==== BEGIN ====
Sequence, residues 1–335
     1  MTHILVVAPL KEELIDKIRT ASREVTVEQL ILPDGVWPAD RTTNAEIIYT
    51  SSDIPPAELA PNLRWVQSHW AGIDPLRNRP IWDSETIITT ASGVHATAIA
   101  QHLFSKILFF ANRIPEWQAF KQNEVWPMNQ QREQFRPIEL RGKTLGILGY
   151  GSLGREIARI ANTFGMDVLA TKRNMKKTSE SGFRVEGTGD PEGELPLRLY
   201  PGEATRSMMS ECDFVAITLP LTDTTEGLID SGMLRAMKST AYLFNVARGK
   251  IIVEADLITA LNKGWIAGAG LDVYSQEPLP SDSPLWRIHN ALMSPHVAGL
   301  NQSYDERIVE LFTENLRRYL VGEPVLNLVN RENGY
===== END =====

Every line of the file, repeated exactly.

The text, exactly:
Sequence, residues 1–335
     1  MTHILVVAPL KEELIDKIRT ASREVTVEQL ILPDGVWPAD RTTNAEIIYT
    51  SSDIPPAELA PNLRWVQSHW AGIDPLRNRP IWDSETIITT ASGVHATAIA
   101  QHLFSKILFF ANRIPEWQAF KQNEVWPMNQ QREQFRPIEL RGKTLGILGY
   151  GSLGREIARI ANTFGMDVLA TKRNMKKTSE SGFRVEGTGD PEGELPLRLY
   201  PGEATRSMMS ECDFVAITLP LTDTTEGLID SGMLRAMKST AYLFNVARGK
   251  IIVEADLITA LNKGWIAGAG LDVYSQEPLP SDSPLWRIHN ALMSPHVAGL
   301  NQSYDERIVE LFTENLRRYL VGEPVLNLVN RENGY